HC Deb 25 November 1987 vol 123 cc248-9
6. Mr. Eastham

To ask the Chancellor of the Duchy of Lancaster what representations his Department has received on Britain's space spending.

Mr. Kenneth Clarke

We have received letters from hon. and right hon. Members, space companies, interested organisations and members of the public. I and other Ministers have had several meetings with representatives of the aerospace industry.

Mr. Eastham

Is it not a further symptom of complete despair to learn that the director general of the National Space Centre recently resigned? Is the Minister concerned that it is expected that during next year there will be a reduction of 40 per cent. in contracts related to the industry?

Mr. Clarke

I do not think that the hon. Gentleman is bang up to date with events. The former director of the British National Space Centre resigned early in August of this year. Up to that time he had been criticising the way in which the European Space Agency programme had been going increasingly towards grandiose manned space projects, so it cannot have come altogether as a surprise to Mr. Gibson, the gentleman who resigned, that we exercised our option not to join in those projects at the meeting at The Hague.

Mr. Andrew MacKay

Does my right hon. and learned Friend agree that the Government have a duty to examine the value for money that we receive from the funds that we put into space research? The European Space Agency's plan to put a French midget into space hardly seems productive.

Mr. Clarke

I have heard comments of that kind that are related to the design of the proposed spacecraft. It is an optional programme, and other countries appear to have decided to go to the next phase of developing a spaceship that does not seem to have adequate scientific or technological advantages for us. We put our money in other aspects of space work. As a country we invest £4.5 billion in scientific and technological investments of one type or another.

Mr. Malcolm Bruce

Will the Chancellor nevertheless accept that, since his announcement that we will not support the next phase of the ESA programme, there has been genuine concern amongst the hundreds of companies in Britain that are involved in the space programme that the consequences of that decision will be to cut them off from valuable future orders? Given that there is a three-month period in which the decision can be reviewed, will the Minister listen to the representations that are made to him? I accept that the criticisms that he has made of the programme may be valid, but we should be arguing within the programme rather than hurling abuse from outside it.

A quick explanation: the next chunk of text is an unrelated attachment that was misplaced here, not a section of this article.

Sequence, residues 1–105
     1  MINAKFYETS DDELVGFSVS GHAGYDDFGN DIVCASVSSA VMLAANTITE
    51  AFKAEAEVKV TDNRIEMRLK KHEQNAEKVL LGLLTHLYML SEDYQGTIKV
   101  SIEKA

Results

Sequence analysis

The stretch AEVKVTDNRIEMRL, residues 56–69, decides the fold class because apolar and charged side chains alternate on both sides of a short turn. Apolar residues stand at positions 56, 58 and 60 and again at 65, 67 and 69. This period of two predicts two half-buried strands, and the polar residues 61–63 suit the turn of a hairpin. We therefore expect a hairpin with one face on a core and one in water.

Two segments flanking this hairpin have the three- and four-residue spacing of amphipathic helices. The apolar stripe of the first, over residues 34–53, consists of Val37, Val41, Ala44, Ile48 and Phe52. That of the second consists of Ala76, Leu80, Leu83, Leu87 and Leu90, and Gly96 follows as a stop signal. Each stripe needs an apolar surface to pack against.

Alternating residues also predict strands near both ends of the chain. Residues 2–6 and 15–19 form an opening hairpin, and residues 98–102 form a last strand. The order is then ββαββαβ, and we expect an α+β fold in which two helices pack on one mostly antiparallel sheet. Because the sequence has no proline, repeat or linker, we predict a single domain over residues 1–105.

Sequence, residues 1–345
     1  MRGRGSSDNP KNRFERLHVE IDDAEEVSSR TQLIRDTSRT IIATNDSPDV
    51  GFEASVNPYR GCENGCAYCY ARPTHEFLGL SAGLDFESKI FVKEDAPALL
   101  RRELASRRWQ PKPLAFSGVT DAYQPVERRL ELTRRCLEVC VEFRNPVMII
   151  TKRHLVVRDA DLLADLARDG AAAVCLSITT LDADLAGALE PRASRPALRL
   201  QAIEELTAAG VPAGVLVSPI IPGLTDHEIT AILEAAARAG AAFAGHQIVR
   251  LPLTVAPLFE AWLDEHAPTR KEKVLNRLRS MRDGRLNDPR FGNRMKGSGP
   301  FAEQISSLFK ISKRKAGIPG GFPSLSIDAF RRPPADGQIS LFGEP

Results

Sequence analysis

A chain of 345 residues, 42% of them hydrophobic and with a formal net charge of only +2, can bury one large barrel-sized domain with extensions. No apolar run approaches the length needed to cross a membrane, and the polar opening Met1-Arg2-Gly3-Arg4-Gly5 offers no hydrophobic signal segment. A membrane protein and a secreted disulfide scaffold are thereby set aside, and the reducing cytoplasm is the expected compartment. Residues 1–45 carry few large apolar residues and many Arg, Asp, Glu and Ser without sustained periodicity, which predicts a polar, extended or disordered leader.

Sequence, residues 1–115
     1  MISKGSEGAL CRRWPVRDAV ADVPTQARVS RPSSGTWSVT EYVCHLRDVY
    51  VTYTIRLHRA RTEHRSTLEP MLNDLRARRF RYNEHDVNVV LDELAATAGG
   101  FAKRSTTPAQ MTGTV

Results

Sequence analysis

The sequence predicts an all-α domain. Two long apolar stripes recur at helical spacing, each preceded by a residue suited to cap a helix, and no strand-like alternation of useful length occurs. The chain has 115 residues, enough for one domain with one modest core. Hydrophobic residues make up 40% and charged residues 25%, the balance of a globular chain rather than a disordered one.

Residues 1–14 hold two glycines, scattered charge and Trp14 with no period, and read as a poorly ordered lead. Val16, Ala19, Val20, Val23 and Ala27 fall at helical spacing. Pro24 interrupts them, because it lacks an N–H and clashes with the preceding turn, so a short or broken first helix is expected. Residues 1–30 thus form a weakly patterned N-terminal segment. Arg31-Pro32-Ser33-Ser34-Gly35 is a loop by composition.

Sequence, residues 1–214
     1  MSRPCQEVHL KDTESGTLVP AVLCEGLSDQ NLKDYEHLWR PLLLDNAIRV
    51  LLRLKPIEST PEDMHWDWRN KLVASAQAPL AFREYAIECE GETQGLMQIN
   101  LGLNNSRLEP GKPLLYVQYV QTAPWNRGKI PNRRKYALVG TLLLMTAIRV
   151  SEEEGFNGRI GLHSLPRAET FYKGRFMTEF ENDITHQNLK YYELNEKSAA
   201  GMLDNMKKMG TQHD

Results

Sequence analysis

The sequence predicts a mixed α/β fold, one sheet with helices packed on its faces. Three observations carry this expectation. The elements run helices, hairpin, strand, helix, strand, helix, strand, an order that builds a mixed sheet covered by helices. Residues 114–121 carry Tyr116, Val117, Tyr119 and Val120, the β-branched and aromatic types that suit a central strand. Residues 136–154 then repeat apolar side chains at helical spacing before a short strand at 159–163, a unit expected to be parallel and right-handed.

Mr. Clarke

Most of the representations that are reaching us come from companies that hope to participate in contracts using the money that the Government were putting in. We do not put money in merely to hand it on to a British company. A project must be evaluated in terms of its long-term potential to the economy as a whole, to see whether sufficient technological and scientific advantages will flow from it to people other than the companies that are directly concerned. We are receiving representations from companies and I am having meetings with several of them. If they can satisfy me that there is some valid national interest to be had from taking part in parts of the space industry, we shall of course do so.

Mr. Mans

Will my right hon. and learned Friend ensure that, now that we are not providing extra funds for the ESA, extra money will be found from Government sources for the continuation of the HOTOL project?

Mr. Clarke

I have had yet another meeting to discuss the HOTOL project with British Aerospace and Rolls-Royce. We must look for other international collaborators and see what the next step is if we are to continue to evaluate the project. This is a long-term matter, and it will have to be considered carefully once we have found what other industrial and governmental partners we might be able to collect for it.

Mr. Stott

I am sure that the Minister now realises that his decision to do nothing has presented us with the worst possible scenario. Will he tell us what he will do with the 300 firms that are now investing their own private money in space research and related activities? How does he see that money being used in the future? Are the Government expecting the private sector to make up the gap between what the Government would normally put in and the position now, and if so, what mechanism do the Government propose to use to ensure that those private funds are put into the programme?

Mr. Clarke

We are already spending more than £100 million each year on our space programme, which is not doing nothing, as the hon. Gentleman has suggested. We have declined to spend £200 million a year on a project to put Europeans—probably Frenchmen—into orbit by the year 2000. That does not have adequate advantages. We are now examining what other projects might be of industrial advantage to us, and what participation the private sector is prepared to contemplate to obtain commercial advantages for itself. Those discussions are continuing.